Comparative advantage

From Market
Revision as of 22:55, 18 June 2009 by Vipul (talk | contribs) (Created page with '==Definition== The '''comparative advantage''' of an individual or a country is the thing that the individual or country can do with the maximum difference between the benefit a...')
(diff) ← Older revision | Latest revision (diff) | Newer revision → (diff)
Jump to: navigation, search

Definition

The comparative advantage of an individual or a country is the thing that the individual or country can do with the maximum difference between the benefit and the opportunity cost. In other words, it is what the individual or country has the most advantage relative to other things the individual or country can do, and relative to things that others can do.

If individuals or countries choose to work according to their comparative advantage, then social utility (and hence, social surplus) is maximized. In principle, comparative advantage can emerge both in a market economy (through the effect of gains from trade) and in a centrally planned economy.

Example

A simple example involving two persons and two tasks

Suppose an economy has two individuals A and B and two activities M and N. Further, suppose that:

  • A can generate m_A units of worth per hour doing M and n_A units per hour doing N.
  • B can generate m_B units of worth per hour doing M and n_B units per hour doing N.

Suppose, further, that each person can choose to do exactly one of the two tasks, and they must do different tasks.

Since each can choose to do exactly one task, and they must do different tasks, there are two possible assignments:

  • A does M and B does N, yielding a total of m_A + n_B.
  • A does N and B does M, yielding a total of n_A + m_B.

If m_A + n_B > m_B + n_A, then the first allocation is optimal, while if m_B + n_A > m_A + n_B, the second allocation is optimal. What matters is the sign of m_A + n_B - (m_B + n_A), which can also be viewed as (m_A - n_A) + (n_B - m_B) (which is the sum of the gain over and above the opportunity cost of the two people for a particular choice they make) and it can also be viewed as (m_A - m_B) + (n_B - n_A) (which is the sum of the individual competitive advantages).

Thus A has a comparative advantage in M if the following equivalent conditions are satisfied:

  • m_A + n_B > m_B + n_A: Allocating M to A is the most efficient in terms of increasing output.
  • m_A - n_A > m_B - n_B: In other words, the gain to A over and above the opportunity cost for choosing M over N exceeds the gain to B.
  • m_A - m_B > n_A - n_B: In other words, the competitive advantage of A in M exceeds the competitive advantage of A in N.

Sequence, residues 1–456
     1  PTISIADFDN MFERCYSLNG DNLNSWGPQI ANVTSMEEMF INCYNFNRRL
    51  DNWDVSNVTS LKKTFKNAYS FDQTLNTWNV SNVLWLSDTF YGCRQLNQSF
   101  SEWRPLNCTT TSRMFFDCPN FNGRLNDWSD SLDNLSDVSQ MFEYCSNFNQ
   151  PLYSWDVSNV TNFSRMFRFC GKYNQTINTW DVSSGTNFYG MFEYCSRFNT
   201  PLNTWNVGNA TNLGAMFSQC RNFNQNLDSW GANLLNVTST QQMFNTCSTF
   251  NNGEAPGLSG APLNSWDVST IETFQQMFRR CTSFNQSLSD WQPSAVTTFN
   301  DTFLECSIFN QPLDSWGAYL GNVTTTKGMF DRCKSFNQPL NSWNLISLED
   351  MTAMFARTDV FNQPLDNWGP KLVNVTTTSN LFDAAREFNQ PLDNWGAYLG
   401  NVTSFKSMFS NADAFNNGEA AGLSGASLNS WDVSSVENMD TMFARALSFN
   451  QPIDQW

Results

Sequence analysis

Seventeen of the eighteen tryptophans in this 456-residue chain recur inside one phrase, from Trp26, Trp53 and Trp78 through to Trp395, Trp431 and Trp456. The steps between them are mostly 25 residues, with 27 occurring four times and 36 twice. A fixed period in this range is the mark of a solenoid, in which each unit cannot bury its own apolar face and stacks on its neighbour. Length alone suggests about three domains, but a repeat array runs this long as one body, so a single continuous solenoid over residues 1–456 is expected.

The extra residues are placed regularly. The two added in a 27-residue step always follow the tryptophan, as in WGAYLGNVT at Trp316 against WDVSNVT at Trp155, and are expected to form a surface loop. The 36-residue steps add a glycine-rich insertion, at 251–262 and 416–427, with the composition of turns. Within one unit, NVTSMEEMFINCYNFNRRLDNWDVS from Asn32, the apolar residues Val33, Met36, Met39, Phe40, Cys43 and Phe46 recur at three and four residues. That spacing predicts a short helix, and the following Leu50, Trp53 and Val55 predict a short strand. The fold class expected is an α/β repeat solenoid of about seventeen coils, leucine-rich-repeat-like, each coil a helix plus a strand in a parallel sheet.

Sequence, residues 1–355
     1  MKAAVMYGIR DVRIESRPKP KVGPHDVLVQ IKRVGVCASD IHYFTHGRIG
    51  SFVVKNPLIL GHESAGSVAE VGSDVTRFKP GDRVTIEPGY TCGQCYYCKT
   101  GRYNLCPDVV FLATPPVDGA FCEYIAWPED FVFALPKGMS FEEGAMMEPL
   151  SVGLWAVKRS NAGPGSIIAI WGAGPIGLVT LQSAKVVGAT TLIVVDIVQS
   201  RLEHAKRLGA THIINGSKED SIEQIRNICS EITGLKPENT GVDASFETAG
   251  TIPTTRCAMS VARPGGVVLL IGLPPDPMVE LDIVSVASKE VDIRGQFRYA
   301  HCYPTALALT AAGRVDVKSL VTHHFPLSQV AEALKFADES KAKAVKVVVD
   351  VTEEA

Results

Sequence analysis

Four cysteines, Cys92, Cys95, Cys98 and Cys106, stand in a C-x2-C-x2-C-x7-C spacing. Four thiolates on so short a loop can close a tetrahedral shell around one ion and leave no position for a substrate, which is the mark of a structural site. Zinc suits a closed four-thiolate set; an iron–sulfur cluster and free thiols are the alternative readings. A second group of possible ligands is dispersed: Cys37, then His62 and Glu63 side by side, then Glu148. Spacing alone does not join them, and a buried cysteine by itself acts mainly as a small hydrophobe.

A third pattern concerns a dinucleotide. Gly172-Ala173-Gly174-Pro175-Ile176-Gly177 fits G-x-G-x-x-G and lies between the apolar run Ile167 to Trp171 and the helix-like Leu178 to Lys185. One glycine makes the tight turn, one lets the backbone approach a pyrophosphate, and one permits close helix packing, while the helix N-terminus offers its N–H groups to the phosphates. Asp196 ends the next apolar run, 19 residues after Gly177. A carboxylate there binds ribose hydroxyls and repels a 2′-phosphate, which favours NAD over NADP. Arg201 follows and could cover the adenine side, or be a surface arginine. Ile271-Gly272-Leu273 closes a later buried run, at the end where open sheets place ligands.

Note that it may well happen that A is better than B in both M and N, but A still has a comparative advantage only in M, because the difference m_A - m_B exceeds the difference n_A - n_B. Similarly A may have a comparative advantage in M despite B being better at both.

A more sophisticated example involving marginal costs and marginal utilities

In the previous example, we assumed that each person could choose to do exactly one task, and the two persons had to choose different tasks. If this constraint were absent, each person would simply do what he or she were best at, and the comparative advantage phenomenon may not arise.

Although a rigid limit on the number of people who can do each task may not exist in real life, there are a number of realistic features that could give rise to the same observations. These include:

  • Increasing marginal cost of production (typically, in terms of some other factor of production) for each type of activity, that makes it worthwhile, after a certain point, to start doing another activity. For instance, there may be some land that is suitable for growing wheat and some land that is suitable for growing rice. Using land suitable for one crop to grow another is counterproductive. This leads to a tendency for some farmers to grow wheat and others to grow rice. Who chooses to grow which crop is then determined by comparative advantage. A similar case can be made when the capital stock for each type of productive activity is limited.
  • Decreasing marginal utility: A society may gain a lot of utility from a bit of this and a bit of that, but less utility if only one type of good is produced. This has to do with the fact that the marginal utility from having more of a good is decreasing: the more there is, the less additional quantity of the good yields worth.

Implementation of comparative advantage

Comparative advantage in a market economy

In a market economy, where the goods produced are easy to trade, people tend to work in areas where they have comparative advantage, rather than what they are best at. This is because the loss they incur by not doing something they are more productive at is more than compensated by the gain they get from trading with somebody who is even better at that task.

Comparative advantage in a planned economy

References

Expository book references

  • The Undercover Economist by Tim Harford, 10-digit ISBN 0345494016, 13-digit ISBN 978-0345494016 (paperback)More info, Page 206-211, Chapter 9 (Beer, Chips and Globalisation)
  • Book:CultureAndProsperityMore info, Page 84-86, 92, 125